From Simple English Wikipedia, the free encyclopedia

In computer graphics and photography, the gamut, or color gamut /ˈɡæmət/, is a certain subset of colors. Most often it is a subset of colors, which can be accurately represented by some output device.

Another sense refers to the complete set of colors found within an image.

Introduction[change | change source]

The term gamut was adopted from music, where in middle age Latin "gamut" meant the entire range of musical notes of which musical melodies are composed. In the 1850s, the term was used for a range of colors or hue, for example by Thomas De Quincey, who wrote "Porphyry, I have heard, runs through as large a gamut of hues as marble."[1]

In color theory, the gamut of a device is the portion of the color space that it can show.

When certain colors cannot be presented within a particular color model, those colors are said to be out of gamut.

While processing a digital image, an image is usually recorded in RGB color model. When printing such image has to be converted from an original RGB color space to the printer's CMYK color space. During this process, the colors, which are out of printer's gamut are converted to the in-gamut colors. So, the final image is an approximation of the original one.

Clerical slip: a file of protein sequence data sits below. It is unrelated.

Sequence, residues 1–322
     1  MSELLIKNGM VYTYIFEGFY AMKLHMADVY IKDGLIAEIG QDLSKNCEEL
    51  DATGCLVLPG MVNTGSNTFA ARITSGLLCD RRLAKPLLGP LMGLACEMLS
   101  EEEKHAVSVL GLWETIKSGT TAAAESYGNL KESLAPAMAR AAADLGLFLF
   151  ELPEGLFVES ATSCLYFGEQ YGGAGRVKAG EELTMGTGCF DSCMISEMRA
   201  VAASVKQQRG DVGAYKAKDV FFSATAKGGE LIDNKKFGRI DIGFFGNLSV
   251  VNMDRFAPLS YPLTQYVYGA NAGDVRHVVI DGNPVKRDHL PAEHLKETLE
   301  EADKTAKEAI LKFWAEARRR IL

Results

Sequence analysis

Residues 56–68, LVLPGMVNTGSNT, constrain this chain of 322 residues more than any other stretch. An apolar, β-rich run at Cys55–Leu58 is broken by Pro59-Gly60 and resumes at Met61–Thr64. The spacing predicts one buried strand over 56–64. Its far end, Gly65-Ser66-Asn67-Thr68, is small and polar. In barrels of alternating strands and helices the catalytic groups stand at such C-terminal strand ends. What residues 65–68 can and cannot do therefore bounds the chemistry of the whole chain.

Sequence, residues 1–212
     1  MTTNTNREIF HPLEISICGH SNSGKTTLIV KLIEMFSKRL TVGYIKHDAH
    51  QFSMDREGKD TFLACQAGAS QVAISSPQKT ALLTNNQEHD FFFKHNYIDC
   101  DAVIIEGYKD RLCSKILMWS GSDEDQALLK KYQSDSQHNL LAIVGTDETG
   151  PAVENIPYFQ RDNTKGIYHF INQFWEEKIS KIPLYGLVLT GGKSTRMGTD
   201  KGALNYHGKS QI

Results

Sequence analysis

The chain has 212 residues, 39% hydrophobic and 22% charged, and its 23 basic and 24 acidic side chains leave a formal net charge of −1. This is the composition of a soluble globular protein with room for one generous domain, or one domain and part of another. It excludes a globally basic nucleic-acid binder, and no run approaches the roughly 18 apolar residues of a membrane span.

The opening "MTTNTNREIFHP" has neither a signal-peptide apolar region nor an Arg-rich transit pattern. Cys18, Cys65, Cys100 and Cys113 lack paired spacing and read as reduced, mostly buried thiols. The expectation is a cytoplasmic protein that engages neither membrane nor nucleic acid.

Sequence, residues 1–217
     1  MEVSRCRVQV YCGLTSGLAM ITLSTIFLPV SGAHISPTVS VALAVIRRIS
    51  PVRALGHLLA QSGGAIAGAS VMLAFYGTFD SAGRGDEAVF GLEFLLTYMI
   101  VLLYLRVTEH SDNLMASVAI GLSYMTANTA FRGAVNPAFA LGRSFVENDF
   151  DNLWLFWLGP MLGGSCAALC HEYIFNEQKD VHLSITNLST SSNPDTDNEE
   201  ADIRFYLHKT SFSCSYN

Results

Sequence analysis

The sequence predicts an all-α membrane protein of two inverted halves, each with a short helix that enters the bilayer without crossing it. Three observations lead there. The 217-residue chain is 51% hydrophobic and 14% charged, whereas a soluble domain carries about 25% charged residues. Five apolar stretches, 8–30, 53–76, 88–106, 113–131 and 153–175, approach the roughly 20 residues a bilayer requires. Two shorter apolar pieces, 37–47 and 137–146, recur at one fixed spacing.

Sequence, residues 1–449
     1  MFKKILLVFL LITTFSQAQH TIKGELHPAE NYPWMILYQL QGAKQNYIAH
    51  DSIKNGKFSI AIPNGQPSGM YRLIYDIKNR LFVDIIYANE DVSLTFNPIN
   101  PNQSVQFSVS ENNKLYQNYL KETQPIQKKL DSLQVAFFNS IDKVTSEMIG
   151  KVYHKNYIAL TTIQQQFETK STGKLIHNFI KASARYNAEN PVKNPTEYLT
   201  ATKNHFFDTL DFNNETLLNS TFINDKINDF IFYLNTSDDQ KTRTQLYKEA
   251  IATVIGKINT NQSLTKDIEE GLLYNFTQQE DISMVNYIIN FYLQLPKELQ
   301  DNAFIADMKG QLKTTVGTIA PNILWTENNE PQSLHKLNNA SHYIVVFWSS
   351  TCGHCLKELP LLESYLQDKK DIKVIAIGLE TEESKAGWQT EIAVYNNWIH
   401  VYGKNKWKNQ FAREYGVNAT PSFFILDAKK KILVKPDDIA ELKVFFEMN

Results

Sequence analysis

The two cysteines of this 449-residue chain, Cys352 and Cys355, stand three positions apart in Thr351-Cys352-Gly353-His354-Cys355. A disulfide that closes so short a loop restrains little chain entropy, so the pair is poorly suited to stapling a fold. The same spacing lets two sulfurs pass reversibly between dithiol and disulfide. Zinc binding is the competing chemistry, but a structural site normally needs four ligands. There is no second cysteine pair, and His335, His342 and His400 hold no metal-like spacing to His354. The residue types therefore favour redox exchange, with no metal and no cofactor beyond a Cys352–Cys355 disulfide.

Representation of gamuts[change | change source]

A comparison of the colors enclosed by some color spaces.

Gamuts are commonly represented as areas in the full visible range of colors. The full range of colors is usually shown as CIE 1931 chromaticity diagram shaped like a horseshoe.

The gamut depends on the brightness. So a full gamut is represented in 3D space.

Comparison of gamut of some devices[change | change source]

The list contains some typical devices, wich show pictures, ranging from large to small color gamut:

  • Laser video projector uses three lasers to produce the broadest gamut available today. Because lasers produce truly monochromatic primaries. More than three lasers can be used together to increase the gamut range.
  • Photographic film can reproduce a larger color gamut than typical television or computer.[2]
  • CRT displays have a roughly triangular color gamut, which covers a large portion of the visible color space. In CRTs, the limitations are due to the phosphors in the screen which produce red, green, and blue light.
  • Printing typically uses the CMYK color space (cyan, magenta, yellow, and black). Efforts have been made to expand the gamut of the printing process by adding inks of non-primary colors.
  • A monochrome display's color gamut is a one-dimensional curve in color space.[3]

References[change | change source]

  1. Thomas De Quincey (1854). De Quincey's works. James R. Osgood. p. 36. gamut-of-hues 0-1856.
  2. "Film gamut, apples, and oranges". Archived from the original on 2008-09-17. Retrieved 2007-04-26.
  3. Velho, Luiz; Frery, Alejandro C.; Gomes, Jonas (2009-04-29). Image Processing for Computer Graphics and Vision. Springer Science & Business Media. ISBN 9781848001930.

Other websites[change | change source]